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D.N. Andreev

Burdenko Neurosurgical Center

Yu.A. Kucheryavy

Evdokimov Moscow State Medical and Dentistry University;
Ilya Hospital

I.V. Maev

A.I. Yevdokimov Moscow State University of Medicine and Dentistry

The prevalence and risk of sleep disorders in patients with functional dyspepsia: a meta-analysis

Authors:

D.N. Andreev, Yu.A. Kucheryavy, I.V. Maev

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To cite this article:

Andreev DN, Kucheryavy YuA, Maev IV. The prevalence and risk of sleep disorders in patients with functional dyspepsia: a meta-analysis. S.S. Korsakov Journal of Neurology and Psychiatry. 2021;121(1):26‑30. (In Russ., In Engl.)
https://doi.org/10.17116/jnevro202112101126

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Functional dyspepsia (FD) is a gastrointestinal disease of unknown etiology based on motor and sensory disorders of the gastroduodenal zone. This disease manifested by epigastric pain or burning, feeling of fullness or early satiety without clear data on organic (secondary) lesion [1, 2]. There are 2 clinical forms of FD depending on predominant symptoms: epigastric pain syndrome (EPS) and postprandial distress syndrome (PDS) [1]. According to recent epidemiological data on FD in the world, prevalence of this disease is 9.8—20.2% in western population and 5.3—12.8% in eastern population [3].

In accordance with the Rome IV criteria (2016), functional diseases of the gastrointestinal tract are considered as disorders of interaction "brain — gastrointestinal tract" [4]. These nosologies are characterized by common association with psychological disorders, including depression, anxiety and sleep disorders [5-8]. Bi-directional relationships of depression and sleep disorders were observed in some large trials [9, 10]. Recent meta-analyses have shown that patients with irritable bowel syndrome (IBS) more often have depressive disorders (odds ratio (OR) 2.72, 95% confidence interval (CI) 2.45—3.02) and sleep disorders (OR 2.618, 95% CI 2.052—3.341) compared to healthy people [11, 12]. A positive association between FD and depression was found in another meta-analysis that summarized the results of 23 observational trials (OR 2.28, 95% CI 2.02—3.81) [6]. At the same time, incidence of sleep disorders in patients with FD has been studied to a lesser extent. Some earlier studies have demonstrated a relationship between FD and dyssomnia [13—15]. Moreover, cross-sectional studies revealed more significant symptoms of FD and regression of the quality of life in people with sleep disorders [16, 17].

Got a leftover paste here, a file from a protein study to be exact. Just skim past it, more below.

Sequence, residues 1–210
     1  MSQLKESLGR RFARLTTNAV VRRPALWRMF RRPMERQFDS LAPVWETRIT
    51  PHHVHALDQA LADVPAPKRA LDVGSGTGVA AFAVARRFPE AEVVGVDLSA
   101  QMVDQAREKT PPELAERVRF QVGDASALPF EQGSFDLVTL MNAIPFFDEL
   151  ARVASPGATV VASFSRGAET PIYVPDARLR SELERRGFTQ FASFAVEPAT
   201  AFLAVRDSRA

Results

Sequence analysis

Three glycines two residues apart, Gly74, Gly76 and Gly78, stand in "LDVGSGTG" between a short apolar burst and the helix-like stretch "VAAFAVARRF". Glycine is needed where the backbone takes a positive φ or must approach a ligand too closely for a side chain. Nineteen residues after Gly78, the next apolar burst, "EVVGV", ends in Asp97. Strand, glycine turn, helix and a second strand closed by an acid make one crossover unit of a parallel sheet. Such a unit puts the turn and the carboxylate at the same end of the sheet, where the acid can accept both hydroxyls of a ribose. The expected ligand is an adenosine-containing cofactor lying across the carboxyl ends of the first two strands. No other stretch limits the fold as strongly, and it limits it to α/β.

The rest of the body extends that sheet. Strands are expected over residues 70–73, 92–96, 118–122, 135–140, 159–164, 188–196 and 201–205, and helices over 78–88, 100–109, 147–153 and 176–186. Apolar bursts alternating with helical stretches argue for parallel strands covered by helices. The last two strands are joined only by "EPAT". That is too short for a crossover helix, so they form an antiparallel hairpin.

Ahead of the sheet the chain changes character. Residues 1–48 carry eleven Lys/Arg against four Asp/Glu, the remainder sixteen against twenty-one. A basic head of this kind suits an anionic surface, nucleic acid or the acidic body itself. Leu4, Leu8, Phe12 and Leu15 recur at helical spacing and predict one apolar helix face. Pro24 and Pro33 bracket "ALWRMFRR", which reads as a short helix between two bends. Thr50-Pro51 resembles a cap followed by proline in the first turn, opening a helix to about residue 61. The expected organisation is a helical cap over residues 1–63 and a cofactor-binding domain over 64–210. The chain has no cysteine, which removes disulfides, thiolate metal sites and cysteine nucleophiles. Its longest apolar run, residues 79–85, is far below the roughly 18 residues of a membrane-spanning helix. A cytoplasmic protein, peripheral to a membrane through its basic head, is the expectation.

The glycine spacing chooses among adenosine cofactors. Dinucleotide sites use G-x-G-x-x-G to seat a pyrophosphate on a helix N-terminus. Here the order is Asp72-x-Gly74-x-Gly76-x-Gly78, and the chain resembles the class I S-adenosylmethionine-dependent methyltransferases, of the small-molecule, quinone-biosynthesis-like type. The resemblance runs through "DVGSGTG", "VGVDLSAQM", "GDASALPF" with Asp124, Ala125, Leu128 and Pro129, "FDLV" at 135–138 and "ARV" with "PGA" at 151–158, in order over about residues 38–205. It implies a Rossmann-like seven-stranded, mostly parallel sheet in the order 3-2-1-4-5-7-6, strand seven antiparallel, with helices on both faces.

The purpose of this meta-analysis was to systematize data on the prevalence and risk of sleep disorders in patients with FD.

Material and methods

Data searching was carried out in MEDLINE/PubMed, EMBASE, Cochrane databases until October 2020. We analyzed headings and abstracts in the above-mentioned databases. The following keywords were used: “functional dyspepsia [Title] sleep [Title / Abstract]”, or “functional dyspepsia [Title] insomnia [Title / Abstract]”, or “functional gastrointestinal [Title] sleep [Title / Abstract]) ", or "functional gastrointestinal [Title] insomnia [Title / Abstract])" and several equivalents. In case of duplication of certain report in different electronic databases, only one manuscript was selected for the final analysis.

Inclusion criteria were relevant reports in periodicals; manuscripts with a detailed descriptive statistics (sample size, number of sleep-impaired patients) and available inclusion of data into meta-analysis; trials of adults with FD.

Two researchers extracted data independently using the standardized forms. We analyzed the year of publication, country, diagnostic criteria of FD, methods for assessing sleep disorders, total sample size and number of patients with sleep disorders. Any disagreement was resolved by consensus.